Main training camp announcements are just around the corner, so we’re going to quickly put the final lid on the 2016 Young Stars tournament with the overall fancy stat recap of the weekend.
Note: remember that three games in a tournament mostly comprised of kids still in junior is not a sturdy base for further projections. We’re just analyzing what these players did in the tournament, and what they need to improve when main camp opens.
The tables are here, but today, I have something even better for you folks!
Low-Rent Usage Charts
If you forgot which number was whose, Pat Steinberg is here to help.
— Pat Steinberg (@Fan960Steinberg) September 13, 2016
Simple usage charts: OZS% along the X axis, CF% on the Y. The dots are sized by games played.
My Three Stars of the tournament
1. Ryan Lomberg
I think I speak for all of us when I say that Lomberg was, without a doubt, the best the Flames had to offer. Armed with a big mouth and a small body, the feisty forward scored three times in the tournament, the highest among Flames forwards. As a whole, he was on the ice for five 5v5 Flames goals for and none against. He’s probably earned an invite to Flames main camp (unreleased at the time of this writing) based on his growth from last year, but a good showing in this tournament probably helps his case.
2. Roman Dyukov
This is my bold pick, but allow me to explain. Like Lomberg, Dyukov was also on the ice for five 5v5 goals for with none against. Oliver Kylington and his flashy style of play probably overshadowed Dyukov’s sturdy yet boring style of play, but when you focused on him, he really was one of the best defenders the Flames had.
3. Eetu Tuulola
He loves to score goals, and his defensive game isn’t all that bad either. He was on the Flames’ best production line with Andrew Mangiapane and Lomberg, but he was an equal parts contributor. He is still a bit far away from the pros right now (his skating looked off to me), but there was a lot of raw talent on display at Young Stars that can only get you excited.
- I was always very underwhelmed by the Flames’ first line. Featuring two of the team’s bluechippers (and Austin Carroll), this was the line that was supposed to bring the noise and make other teams tremble. That didn’t happen so much. It’s true that Matthew Tkachuk and Carroll were almost always in the box, but looking at the data together, they just weren’t what you expect from a first line. They put up numbers similar to other forwards with 40% easier zone starts (see charts above). When Ryan Huska finally broke up the line – albeit, for the third period in the final game – it didn’t make me feel more assured. Mangiapane moved up with Jankowski and Carroll and saw his possession numbers immediately drop (game three recap here) while Tkachuk remained around the same on line two. If Jankowski and Tkachuk are aiming for an opening day roster spot, they are going to have to make major improvements in the next week.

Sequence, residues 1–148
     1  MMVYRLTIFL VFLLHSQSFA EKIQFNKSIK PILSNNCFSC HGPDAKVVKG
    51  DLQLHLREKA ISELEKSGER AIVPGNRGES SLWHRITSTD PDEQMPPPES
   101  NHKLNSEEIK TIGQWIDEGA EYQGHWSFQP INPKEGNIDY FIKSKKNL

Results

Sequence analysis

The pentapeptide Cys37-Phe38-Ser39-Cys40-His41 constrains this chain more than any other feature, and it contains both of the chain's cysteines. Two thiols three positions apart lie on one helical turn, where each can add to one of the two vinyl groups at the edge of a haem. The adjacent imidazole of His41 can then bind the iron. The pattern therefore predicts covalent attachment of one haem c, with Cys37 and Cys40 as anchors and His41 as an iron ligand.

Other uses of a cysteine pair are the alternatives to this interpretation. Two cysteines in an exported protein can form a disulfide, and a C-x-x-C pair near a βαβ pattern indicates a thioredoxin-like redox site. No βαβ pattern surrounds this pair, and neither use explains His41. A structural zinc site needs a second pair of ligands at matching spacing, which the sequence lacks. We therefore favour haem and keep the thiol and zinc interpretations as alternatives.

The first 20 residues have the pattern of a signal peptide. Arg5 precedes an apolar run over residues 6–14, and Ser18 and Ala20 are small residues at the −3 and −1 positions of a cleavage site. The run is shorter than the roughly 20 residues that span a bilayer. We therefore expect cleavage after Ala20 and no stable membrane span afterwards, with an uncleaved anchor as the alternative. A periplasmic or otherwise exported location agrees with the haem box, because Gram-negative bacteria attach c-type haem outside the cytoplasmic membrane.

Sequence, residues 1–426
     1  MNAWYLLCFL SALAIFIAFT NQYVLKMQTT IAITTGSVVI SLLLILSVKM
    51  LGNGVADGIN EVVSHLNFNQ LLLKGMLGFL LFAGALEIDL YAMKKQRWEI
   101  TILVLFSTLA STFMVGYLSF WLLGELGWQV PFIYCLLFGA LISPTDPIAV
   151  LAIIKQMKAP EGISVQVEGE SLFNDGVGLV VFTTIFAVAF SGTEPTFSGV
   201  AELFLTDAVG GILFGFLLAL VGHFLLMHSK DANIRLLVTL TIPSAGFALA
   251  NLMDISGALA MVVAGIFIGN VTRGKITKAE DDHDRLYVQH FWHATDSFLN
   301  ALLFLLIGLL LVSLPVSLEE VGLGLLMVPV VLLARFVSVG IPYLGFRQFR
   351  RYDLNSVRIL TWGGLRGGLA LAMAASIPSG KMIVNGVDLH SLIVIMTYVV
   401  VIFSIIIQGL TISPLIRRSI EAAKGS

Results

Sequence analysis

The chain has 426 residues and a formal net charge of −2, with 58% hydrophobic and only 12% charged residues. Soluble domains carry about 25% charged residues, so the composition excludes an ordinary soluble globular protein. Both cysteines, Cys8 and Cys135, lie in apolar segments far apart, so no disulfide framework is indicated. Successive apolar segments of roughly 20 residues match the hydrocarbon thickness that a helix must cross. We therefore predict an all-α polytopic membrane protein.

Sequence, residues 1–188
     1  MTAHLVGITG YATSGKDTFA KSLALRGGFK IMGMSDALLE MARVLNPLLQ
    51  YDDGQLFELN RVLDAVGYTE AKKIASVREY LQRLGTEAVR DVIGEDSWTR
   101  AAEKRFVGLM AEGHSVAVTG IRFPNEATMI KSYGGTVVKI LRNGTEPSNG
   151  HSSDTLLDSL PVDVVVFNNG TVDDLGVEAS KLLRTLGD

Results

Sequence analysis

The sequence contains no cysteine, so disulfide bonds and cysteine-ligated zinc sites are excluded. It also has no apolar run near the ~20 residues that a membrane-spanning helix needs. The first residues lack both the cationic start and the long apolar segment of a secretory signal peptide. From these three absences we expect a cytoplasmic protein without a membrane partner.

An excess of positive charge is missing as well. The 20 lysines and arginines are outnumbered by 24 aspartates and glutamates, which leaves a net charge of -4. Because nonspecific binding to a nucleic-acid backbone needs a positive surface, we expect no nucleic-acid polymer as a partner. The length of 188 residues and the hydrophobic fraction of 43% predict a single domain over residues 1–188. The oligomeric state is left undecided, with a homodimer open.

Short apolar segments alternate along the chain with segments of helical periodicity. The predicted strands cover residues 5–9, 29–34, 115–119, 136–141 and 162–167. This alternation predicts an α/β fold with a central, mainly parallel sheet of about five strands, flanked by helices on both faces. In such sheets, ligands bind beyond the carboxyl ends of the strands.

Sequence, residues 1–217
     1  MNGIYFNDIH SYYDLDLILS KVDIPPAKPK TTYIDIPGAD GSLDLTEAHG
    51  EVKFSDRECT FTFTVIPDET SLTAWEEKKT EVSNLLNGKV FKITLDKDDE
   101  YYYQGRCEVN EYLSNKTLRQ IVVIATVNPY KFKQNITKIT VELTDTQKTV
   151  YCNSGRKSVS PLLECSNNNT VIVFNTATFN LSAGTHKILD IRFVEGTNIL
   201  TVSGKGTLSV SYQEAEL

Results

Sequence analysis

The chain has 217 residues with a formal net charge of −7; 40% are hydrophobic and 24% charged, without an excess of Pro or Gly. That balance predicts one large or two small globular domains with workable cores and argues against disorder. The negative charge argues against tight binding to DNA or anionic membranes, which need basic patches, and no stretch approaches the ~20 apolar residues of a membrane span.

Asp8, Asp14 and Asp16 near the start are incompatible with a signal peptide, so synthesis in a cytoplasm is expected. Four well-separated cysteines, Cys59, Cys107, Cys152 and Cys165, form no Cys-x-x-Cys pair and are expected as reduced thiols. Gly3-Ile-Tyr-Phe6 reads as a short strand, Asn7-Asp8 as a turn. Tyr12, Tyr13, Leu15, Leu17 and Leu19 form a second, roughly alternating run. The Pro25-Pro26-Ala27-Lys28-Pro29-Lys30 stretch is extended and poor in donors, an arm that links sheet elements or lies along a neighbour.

- Mangiapane impressed, but I feel his overall game still needs work. At 5v5, he was on for four goals for and no goals against. In other situations? One goal for, four goals against. He did get tasked with penalty kill and 4v4 time, but Huska also trusted him with heavy defensive zone starts so, theoretically, those should be no problem. For whatever reason, they were. He has time to iron out those wrinkles in Stockton, so I don’t think his main camp visit lasts very long.
- Dillon Dube was my favourite player from the tournament, and it was a tough internal debate not to give him a star. Considering his zone starts (20% OZS), he produced the second highest CF% at 5v5. I’ve talked about him enough in other articles, so I think I’ll stop here.
- The overall corsi leader was the diminutive Matt Phillips, who also excelled with terrible zone starts. It’s hard not to get excited for the kid, who looked very adept despite also looking like a 12-year-old.
- Hunter Smith wasn’t as offensive a player as I thought. Absolutely still not worth the second round pick, but I felt that he at least had a handle on the game, and didn’t look as lost as his pugilist peers.
- Of the invite forwards, I feel that Mikkel Aagaard, Dennis Kravchenko, and Brayden Burke should get contracts. They were pretty formidable on the fourth line, and looked eager to prove that they still had more to offer. I hope they stick.
- With regards to defencemen, I think the stats speak for themselves. There is a lot of talent on that blueline, especially from unlikely sources. Perhaps Ryan Culkin can rise from the bottom a la Brett Kulak. Even Keegan Kanzig didn’t look that bad (but still not worth that third round pick).
- I didn’t track any actual stats on them, but the gap between Tyler Parsons and Mason McDonald and Nick Schneider is bigger than I thought it would be.
And that’s all for the Young Starts tournament. Main camp announcements are just a few hours away, meaning we’re, once again, inching closer and closer to actual hockey.